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I have a simple calculator in C# Windows Form. It can perform basic calculation (i.e. Add, Subtract, Multiply, Division). But i can't calculate fraction calculation, example 3/2 / 1/2 = 3 (output). Any help please

What I have tried:

My basic code for Basic calculation:

C#
```switch (CalFunc)
{
case 1:
ResultAns = 1stNum - float.Parse(textBox1.Text);
textBox1.Text = ResultAns.ToString();
break;
case 2:
ResultAns = 1stNum + float.Parse(textBox1.Text);
textBox1.Text = ResultAns.ToString();
break;
case 3:
ResultAns = 1stNum * float.Parse(textBox1.Text);
textBox1.Text = ResultAns.ToString();
break;
case 4:

if (float.Parse(textBox1.Text) == 0)
{
textBox1.Text = "You cannot divide by zero";
return;
}
ResultAns = 1stNum / float.Parse(textBox1.Text);
textBox1.Text = ResultAns.ToString();
break;

case 5:
ResultAns = 1stNum / float.Parse(textBox1.Text);
textBox1.Text = ResultAns.ToString();
break;

default:
break;
}```
Posted
Updated 24-Feb-22 3:17am
v2

## Solution 1

You would need to change the whole way you are doing things: While it would be possible to correctly evaluate that if you replaces the final calculation with a constant:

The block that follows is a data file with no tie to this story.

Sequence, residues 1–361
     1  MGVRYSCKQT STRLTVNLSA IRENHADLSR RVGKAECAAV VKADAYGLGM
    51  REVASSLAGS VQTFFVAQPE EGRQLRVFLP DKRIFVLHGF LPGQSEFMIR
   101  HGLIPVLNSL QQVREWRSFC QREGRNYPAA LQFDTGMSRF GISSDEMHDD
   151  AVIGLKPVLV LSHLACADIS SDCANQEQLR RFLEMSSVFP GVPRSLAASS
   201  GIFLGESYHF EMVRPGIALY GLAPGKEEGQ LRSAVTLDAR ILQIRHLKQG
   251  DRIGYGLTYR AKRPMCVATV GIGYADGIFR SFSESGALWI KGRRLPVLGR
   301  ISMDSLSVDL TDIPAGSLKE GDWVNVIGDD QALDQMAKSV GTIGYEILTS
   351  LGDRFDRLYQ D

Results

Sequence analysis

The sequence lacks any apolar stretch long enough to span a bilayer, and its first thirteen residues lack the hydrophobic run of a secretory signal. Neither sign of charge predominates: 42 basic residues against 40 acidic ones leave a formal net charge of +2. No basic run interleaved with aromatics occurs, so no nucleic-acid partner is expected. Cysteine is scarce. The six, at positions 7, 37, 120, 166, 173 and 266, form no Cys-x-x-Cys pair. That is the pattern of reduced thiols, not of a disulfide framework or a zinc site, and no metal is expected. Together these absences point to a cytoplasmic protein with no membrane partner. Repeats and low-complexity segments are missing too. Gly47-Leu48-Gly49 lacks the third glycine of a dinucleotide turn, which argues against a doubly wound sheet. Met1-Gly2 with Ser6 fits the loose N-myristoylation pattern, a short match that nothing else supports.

`3/2/0.5 == 3`
When you try to do it by evaluating each operator immediately it gets teh wrong result:
`3/2/1/2 == 0.75`
Because
```3/2 == 1.5
1.5/1 == 1.5
1.5/2 == 0.75```
To get the correct result you would need to process the whole expression instead of individual "bits". One way to do that is to accept your inputs in Reverse Polish Notation instead of "normal math", but that's a PITA because nobody uses that in the real world so it's not likely to impress anyone that they have to learn a new way to enter numbers:
`3, 2, /, 1, 2, /, /`
is the RPN for what you want!
The other is to dump completely what you have and start again processing whole lines of an expression, and implementing operator precedence a well as brackets (which you need to evaluate your expression correctly:
`(3/2)/(1/2) == 3`
That's not trivial, but it is a good learning experience!

Maciej Los 24-Feb-22 13:34pm
5ed!

## Solution 2

Another technique is to use the input to cobble up a snippet of code (C# or VB), pass it to the .net compiler service, and then execute it or report any error messages produced.
But that's probably not what your teacher wants to see.

Compiling Source Code from a String[^]